Nov. 8, 2007 Kidney disease isn’t just about kidneys: Research has shown that people with kidney abnormalities have a dramatically increased risk of heart disease. But by studying blood samples from patients with early-stage kidney disease, researchers at The Rockefeller University Hospital hope to better define the connection.
A new pilot study, launched last month, involves adults diagnosed with kidney disease and focuses on a condition called endotoxemia, a buildup of toxins in the blood that may affect cardiovascular health. If the researchers’ hypothesis proves correct, the work will lead to follow-up studies to develop therapeutics.
Kidney disease has long been associated with a high incidence of atherosclerosis, or heart disease, but the reasons are not fully known. Certain conditions, including diabetes, high blood pressure and dyslipidemia, are often attendant with kidney disease and have been pinpointed as risk factors for atherosclerosis. “But the increase in risk for heart disease is larger than these traditional factors alone can account for,” says Manish Ponda, instructor in clinical investigation in Jan Breslow’s Laboratory of Biochemical Genetics and Metabolism and the study’s lead investigator.
To date, scientists have made a compelling case for endotoxins — natural breakdown products of bacteria — as a cause of atherosclerosis, and patients with end-stage renal failure commonly have high levels of endotoxins in their blood. However, this finding has not been well studied in early-stage kidney disease, which afflicts a much larger portion of the population.
What really convinces Ponda that there might be a causative link between kidney disease and endotoxemia is that even in early stages of kidney disease, patients exhibit characteristics that leave them vulnerable to developing endotoxemia, including a deficit of vitamin D and a “leakier” intestinal barrier — wider gaps between cells of the intestinal wall that usually protects against intruding bacteria.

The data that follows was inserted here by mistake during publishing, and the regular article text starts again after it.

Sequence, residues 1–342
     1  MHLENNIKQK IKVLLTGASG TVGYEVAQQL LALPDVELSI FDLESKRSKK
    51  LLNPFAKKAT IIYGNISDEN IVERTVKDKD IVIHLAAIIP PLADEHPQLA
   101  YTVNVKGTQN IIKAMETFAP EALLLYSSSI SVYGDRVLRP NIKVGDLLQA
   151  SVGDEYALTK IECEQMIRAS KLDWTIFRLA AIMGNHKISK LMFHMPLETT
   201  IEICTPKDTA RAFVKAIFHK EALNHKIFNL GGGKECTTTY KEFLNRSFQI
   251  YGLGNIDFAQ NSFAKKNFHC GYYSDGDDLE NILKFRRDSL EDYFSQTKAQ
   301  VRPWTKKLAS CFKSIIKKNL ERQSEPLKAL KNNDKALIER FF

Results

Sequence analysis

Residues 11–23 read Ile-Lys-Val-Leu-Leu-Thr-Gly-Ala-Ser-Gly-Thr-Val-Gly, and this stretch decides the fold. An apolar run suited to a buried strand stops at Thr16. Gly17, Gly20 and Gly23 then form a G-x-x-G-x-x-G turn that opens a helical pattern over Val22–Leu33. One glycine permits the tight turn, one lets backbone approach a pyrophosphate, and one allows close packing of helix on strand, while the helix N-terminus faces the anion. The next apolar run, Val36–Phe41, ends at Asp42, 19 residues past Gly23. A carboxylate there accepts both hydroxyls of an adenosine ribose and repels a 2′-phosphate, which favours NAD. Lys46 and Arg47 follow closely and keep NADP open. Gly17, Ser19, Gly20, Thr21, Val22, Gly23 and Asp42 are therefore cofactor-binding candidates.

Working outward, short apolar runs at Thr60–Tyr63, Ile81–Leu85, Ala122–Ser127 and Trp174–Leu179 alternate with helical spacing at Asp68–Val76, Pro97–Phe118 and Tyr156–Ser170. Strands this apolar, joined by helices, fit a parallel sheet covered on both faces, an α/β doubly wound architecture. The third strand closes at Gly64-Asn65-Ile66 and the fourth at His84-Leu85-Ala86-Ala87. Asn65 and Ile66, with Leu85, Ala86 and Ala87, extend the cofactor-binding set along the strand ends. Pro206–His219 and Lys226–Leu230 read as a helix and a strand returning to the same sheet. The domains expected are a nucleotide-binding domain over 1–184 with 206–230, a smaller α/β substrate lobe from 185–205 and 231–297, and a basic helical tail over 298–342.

The study, a collaborative effort between Rockefeller University and the Rogosin Institute, will analyze endotoxin levels in blood samples from men and postmenopausal women over the age of 50 who have early chronic kidney disease. “Kidney disease affects people of all ages, but narrowing our demographic helps to minimize age-related effects on endotoxemia and other risk factors,” Ponda says. In addition to endotoxin levels, the researchers will examine markers of inflammation and thrombosis, vitamin D levels and detailed lipid profiles.
“If the pilot study supports our hypothesis, we will proceed with interventional trials designed to reduce endotoxin levels in patients with chronic kidney disease,” Ponda says. “Kidney disease is a growing epidemic, affecting millions of Americans. Through our research we’re hoping to lessen its burden.”
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